In the UFC 235 press conference, Tyron Woodley asked Usman who he has beaten. Usman coolly replied, “It doesn’t matter.” He then proved it at UFC 235 when he defeated Tyron Woodley for the welterweight championship. He achieved this in part by outwrestling Woodley throughout the fight, something most people did not anticipate due to Woodley’s wrestling credentials. Prior to the fight, Usman broke down why those credentials also didn’t matter:
“Every now and again, you’ll get that Division II or Division III kid that chose to go to a Division II or Division III that’s better than everybody. And (Woodley) knows that.
“I beat a lot of Division I guys, a lot of them…All Americans and champions. He’s the type of guy that I would have beat the shit out of in college because he thought like that,” Usman concluded. “And there was nothing that I loved more, even wrestling in college, than being able to go in there and shut up guys like that.”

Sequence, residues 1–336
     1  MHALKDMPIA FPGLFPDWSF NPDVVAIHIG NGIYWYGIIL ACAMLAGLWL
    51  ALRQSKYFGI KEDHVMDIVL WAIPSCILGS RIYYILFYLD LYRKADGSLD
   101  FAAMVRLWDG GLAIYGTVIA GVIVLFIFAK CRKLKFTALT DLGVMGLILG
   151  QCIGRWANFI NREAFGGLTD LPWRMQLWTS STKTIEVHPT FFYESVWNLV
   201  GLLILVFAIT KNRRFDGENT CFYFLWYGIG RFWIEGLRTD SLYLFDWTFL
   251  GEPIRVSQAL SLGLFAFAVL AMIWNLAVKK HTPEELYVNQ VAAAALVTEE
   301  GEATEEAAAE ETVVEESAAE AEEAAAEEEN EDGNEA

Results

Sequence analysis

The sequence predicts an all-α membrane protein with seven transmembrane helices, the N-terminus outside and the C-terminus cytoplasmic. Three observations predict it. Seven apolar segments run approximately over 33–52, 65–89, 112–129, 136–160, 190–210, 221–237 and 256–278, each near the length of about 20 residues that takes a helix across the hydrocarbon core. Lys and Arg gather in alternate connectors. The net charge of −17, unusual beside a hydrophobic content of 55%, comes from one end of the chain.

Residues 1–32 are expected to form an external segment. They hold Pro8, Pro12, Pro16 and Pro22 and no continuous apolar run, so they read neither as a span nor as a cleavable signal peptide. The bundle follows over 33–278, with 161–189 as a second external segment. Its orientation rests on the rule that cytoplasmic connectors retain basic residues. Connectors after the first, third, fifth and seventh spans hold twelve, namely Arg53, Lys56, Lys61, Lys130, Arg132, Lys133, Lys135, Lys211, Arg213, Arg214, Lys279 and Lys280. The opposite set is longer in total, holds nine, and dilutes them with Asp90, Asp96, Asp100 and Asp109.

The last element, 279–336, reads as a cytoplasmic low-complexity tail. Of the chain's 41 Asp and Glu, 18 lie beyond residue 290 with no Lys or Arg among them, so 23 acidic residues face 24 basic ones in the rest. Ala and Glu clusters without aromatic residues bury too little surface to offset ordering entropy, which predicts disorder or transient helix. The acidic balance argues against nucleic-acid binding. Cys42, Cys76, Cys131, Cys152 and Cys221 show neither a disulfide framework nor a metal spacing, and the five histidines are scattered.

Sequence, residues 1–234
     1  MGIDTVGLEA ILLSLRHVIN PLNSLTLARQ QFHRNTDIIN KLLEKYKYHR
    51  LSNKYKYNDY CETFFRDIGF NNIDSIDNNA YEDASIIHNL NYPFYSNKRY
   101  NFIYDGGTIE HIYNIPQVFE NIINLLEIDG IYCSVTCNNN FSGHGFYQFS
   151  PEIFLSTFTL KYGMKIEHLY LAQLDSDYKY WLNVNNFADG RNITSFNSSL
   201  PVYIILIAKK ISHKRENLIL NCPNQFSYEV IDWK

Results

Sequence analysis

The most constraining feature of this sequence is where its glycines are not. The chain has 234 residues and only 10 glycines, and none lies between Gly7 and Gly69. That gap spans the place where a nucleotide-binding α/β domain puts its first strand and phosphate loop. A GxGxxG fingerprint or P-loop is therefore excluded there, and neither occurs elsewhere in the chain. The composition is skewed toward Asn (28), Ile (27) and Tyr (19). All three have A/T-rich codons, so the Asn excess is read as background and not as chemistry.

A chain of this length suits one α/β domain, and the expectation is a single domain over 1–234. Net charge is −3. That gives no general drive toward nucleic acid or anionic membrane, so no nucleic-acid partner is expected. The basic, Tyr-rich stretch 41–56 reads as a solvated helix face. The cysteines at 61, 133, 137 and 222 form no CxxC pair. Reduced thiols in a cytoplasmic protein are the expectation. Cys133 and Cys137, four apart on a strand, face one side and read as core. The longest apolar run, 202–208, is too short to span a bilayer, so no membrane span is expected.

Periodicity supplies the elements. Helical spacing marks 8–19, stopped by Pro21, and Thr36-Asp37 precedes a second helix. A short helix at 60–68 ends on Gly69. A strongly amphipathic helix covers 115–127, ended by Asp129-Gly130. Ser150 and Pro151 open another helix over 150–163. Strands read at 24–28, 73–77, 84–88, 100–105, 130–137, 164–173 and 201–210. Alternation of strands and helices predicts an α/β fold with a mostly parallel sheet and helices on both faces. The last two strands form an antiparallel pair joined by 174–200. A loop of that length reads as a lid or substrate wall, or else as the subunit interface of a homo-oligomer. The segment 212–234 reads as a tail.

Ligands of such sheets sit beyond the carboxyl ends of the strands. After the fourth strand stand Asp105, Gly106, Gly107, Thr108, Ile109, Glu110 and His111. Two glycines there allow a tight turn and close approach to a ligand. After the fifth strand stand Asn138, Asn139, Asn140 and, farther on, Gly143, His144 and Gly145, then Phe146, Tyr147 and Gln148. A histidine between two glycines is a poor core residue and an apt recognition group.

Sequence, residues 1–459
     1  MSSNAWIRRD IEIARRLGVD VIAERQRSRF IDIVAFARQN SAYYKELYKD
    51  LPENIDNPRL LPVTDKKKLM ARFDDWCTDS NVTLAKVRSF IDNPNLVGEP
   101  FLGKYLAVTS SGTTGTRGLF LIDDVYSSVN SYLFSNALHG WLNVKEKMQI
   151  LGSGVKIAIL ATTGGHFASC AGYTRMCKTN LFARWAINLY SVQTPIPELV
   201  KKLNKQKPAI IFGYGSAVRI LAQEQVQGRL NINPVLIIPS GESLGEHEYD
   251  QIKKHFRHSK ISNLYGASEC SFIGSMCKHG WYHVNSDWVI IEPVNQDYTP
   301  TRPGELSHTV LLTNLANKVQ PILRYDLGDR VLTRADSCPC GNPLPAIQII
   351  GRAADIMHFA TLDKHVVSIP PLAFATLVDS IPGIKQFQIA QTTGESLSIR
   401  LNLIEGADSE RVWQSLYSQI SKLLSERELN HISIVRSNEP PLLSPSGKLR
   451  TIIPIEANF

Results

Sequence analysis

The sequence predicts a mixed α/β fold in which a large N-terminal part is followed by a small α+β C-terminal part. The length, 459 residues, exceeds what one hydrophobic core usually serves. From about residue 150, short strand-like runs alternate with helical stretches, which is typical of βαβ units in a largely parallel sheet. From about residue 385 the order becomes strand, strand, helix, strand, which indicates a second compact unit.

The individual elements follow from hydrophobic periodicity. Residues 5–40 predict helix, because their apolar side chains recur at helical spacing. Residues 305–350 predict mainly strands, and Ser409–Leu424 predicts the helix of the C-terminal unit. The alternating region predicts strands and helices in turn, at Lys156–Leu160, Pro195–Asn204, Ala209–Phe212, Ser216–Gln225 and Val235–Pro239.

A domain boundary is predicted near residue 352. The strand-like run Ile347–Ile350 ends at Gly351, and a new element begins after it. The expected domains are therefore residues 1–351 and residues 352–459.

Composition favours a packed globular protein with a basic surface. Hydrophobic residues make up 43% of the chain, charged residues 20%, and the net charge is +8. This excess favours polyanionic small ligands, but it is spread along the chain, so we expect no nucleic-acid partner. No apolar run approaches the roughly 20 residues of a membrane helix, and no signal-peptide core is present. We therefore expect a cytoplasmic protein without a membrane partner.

Usman was not expected to outwrestle a Division I wrestler and dominate a champion of Woodley’s caliber from bell to bell. The opinions of those who scoffed at this and failed to see a path to victory for Usman didn’t matter. Usman outwrestled and dominated Woodley in every facet as he said he would. Usman even said what he would tell Woodley after the fight:
“After I take that belt from you, you know what I’m gonna tell you in your ear?” said Usman at the press conference. “I’m gonna tell you just like this: ‘You’ve been a good champion. You’ve been a good champion, T.”
Some may have brushed the comments aside as passive-aggressive trash talk, but after capturing the title, Usman got on the microphone and stuck to his word:
“Give it up for Tyron Woodley, this is a champ right here who has dominated,” he said.
“A lot of people hate on that man, but when you talk about the greatest welterweights of all time, that man’s gotta be in the conversation.”
Ahead of his first title defense against nemesis Colby Covington, the facts machine kept spewing, telling fans exactly how he envisioned the fight playing out: